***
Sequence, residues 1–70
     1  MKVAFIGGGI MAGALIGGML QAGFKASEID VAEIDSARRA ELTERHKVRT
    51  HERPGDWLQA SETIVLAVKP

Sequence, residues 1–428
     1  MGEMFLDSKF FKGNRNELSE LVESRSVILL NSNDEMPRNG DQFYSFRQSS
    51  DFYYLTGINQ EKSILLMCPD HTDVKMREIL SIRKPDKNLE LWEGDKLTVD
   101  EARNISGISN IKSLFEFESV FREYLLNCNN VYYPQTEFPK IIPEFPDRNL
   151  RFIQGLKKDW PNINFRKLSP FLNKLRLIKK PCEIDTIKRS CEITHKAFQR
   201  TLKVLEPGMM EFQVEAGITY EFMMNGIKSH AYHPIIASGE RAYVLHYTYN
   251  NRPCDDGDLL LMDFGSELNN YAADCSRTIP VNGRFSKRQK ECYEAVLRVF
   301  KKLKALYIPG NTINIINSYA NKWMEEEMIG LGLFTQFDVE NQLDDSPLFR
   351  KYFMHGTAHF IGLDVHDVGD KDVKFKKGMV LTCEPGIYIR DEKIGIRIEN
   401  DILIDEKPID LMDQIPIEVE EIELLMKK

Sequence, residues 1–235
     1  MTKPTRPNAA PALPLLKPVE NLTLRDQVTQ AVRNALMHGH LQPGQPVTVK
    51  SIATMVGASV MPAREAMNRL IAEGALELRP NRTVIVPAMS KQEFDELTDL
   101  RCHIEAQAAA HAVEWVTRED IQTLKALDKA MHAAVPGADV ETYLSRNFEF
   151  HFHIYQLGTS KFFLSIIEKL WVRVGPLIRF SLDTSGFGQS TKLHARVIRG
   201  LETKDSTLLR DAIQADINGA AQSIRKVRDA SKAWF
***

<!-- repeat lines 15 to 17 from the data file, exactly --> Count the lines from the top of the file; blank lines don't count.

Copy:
     1  MTKPTRPNAA PALPLLKPVE NLTLRDQVTQ AVRNALMHGH LQPGQPVTVK
    51  SIATMVGASV MPAREAMNRL IAEGALELRP NRTVIVPAMS KQEFDELTDL
   101  RCHIEAQAAA HAVEWVTRED IQTLKALDKA MHAAVPGADV ETYLSRNFEF